Tip 2: The Memory Challenge

A276 – Learning Latin – Targeting Grammar – Tip 2




The Memory Challenge

TMAs are easier than the exam will be. That’s because you can ‘look up’ what you need to answer TMA questions. But you have to ‘know’ it all for the exam. Obviously ‘knowing’ really means ‘remembering’ which means ‘looking up’ in your head which means ‘memorising’.

Memorising the basic meaning of words is all to do with their stems. That’s all vocabulary and we tackled that last term (keep it going!).

Tackling the extended meaning of words is all to do with their endings. That’s all grammar. And it’s more than doubly demanding because you have to memorise not only the endless (!) endings themselves but also what they mean and then, too, the technical terminology that goes with them.

e.g. when you memorise the ending ‘-arum’ you also have to memorise:

· that it means ‘belonging to’ or ‘part of’ more than one of something

· that it’s translated ‘of…’

· that it belongs to the first declension of nouns; its gender is (most likely but not definitely) feminine; its number is plural; and its case is genitive.

That’s a lot! And it can be really disheartening to think that you’ll never get to grips with it all. In fact you might be surprised (or shocked) if I say that you’re not really very likely to anyway; very few people could (unless they have a photographic memory); you’re following such an intensive short course.

The trick is to break grammar down and chip away at it relentlessly. Every little bit of effort you put in will make a difference. You can, by the time the exam comes, indeed do exceptionally well. But you have to be determined to hammer away at it. Don’t let it make you feel overwhelmed. Don’t shy away from it. Don’t give in. Don’t lose ground. Keep at it. Keep it up! 😉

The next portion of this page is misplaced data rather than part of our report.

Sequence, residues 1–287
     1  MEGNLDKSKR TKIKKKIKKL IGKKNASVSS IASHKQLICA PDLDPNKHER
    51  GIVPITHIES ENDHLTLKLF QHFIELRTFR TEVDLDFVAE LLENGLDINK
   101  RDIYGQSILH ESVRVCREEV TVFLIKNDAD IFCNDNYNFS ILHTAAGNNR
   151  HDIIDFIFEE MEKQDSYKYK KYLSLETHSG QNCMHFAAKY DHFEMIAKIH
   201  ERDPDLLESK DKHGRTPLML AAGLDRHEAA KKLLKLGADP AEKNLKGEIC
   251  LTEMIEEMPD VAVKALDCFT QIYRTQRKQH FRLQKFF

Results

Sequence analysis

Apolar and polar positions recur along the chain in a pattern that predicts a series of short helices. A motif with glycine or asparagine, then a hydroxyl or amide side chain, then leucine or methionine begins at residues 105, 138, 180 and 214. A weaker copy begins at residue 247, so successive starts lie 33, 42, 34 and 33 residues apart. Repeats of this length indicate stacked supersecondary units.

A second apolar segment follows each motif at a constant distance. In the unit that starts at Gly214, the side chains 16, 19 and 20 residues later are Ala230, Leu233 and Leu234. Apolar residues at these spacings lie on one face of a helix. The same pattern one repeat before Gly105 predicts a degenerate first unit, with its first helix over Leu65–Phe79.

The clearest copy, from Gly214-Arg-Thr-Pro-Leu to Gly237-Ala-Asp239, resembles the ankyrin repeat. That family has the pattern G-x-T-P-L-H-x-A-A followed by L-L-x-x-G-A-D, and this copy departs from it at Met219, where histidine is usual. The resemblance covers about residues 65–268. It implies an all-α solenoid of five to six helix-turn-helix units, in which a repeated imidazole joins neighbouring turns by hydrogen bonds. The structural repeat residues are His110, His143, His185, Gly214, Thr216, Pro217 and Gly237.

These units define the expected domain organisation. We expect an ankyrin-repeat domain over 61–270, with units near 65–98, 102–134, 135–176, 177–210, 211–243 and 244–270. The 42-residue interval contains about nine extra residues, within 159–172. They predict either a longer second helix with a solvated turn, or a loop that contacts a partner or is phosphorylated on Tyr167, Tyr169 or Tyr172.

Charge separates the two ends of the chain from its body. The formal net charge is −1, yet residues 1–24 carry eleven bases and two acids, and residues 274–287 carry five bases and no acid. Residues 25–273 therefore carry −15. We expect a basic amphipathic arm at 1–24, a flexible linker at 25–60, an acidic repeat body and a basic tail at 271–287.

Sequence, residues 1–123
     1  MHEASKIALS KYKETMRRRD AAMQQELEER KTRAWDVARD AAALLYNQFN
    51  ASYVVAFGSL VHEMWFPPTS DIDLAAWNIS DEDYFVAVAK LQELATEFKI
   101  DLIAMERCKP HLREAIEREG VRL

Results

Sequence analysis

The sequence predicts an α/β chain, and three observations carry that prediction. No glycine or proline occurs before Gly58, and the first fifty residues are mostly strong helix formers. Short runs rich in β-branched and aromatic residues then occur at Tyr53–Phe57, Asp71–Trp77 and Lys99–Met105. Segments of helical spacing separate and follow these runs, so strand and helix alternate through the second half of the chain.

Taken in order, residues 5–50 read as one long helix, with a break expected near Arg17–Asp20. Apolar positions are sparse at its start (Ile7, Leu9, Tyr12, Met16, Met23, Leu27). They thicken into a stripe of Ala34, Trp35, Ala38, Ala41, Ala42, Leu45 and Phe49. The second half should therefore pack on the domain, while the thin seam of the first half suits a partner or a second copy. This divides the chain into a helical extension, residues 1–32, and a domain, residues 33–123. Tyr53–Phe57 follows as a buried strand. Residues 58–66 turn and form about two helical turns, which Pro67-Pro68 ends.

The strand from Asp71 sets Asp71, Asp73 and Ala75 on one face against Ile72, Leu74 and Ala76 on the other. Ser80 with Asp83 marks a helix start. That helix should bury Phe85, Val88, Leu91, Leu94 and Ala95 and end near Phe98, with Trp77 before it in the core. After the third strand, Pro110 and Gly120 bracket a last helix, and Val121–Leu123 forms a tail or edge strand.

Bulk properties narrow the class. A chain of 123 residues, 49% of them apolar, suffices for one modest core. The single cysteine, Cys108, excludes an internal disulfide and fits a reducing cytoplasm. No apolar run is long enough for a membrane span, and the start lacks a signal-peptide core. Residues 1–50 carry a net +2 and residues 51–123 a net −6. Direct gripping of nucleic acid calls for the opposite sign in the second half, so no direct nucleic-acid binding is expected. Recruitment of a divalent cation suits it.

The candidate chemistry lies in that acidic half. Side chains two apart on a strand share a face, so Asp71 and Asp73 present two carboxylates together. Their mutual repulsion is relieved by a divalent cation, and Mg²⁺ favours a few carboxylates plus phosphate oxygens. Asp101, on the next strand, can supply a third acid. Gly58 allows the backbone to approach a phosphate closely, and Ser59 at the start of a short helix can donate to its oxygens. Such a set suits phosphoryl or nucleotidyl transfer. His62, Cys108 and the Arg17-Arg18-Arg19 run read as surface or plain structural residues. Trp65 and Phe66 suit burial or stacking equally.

So – terminology first. You’re on familiar ground here because this works like vocabulary. Just as you can learn the stem of a word and its basic meaning you can learn a grammatical technical term and its definition. These are all set out in the Glossary at the end of the Language Reference Book (119-132). There are about 150 of them including the literary terms which, are in any case, useful to know for the exam as well). Some are quite a bit more involved than others. Some of the terms are interrelated; so you won’t necessarily understand one fully without the other(s). You need to be patient and take time to build it all up.

That means, just like vocabulary, spending a minute or two a day, a few times a day, to tackle a handful of these definitions, working your way through them, in any order, including reviewing what you (think!) you already know, repeating what you’re not so sure of, hammering away again and again at the stickiest ones, and going back over everything once in a while to check nothing’s slipped.

Exactly how many to tackle at a time, how long to spend on them, and how often to go back over them will depend entirely on how you feel your own brain is wired up for this sort of learning. You already have a term’s worth of experiencing a very similar learning process for vocabulary. Draw on that to guide you with your grammar definitions. Good luck!

Steven Havelin (21.01.18)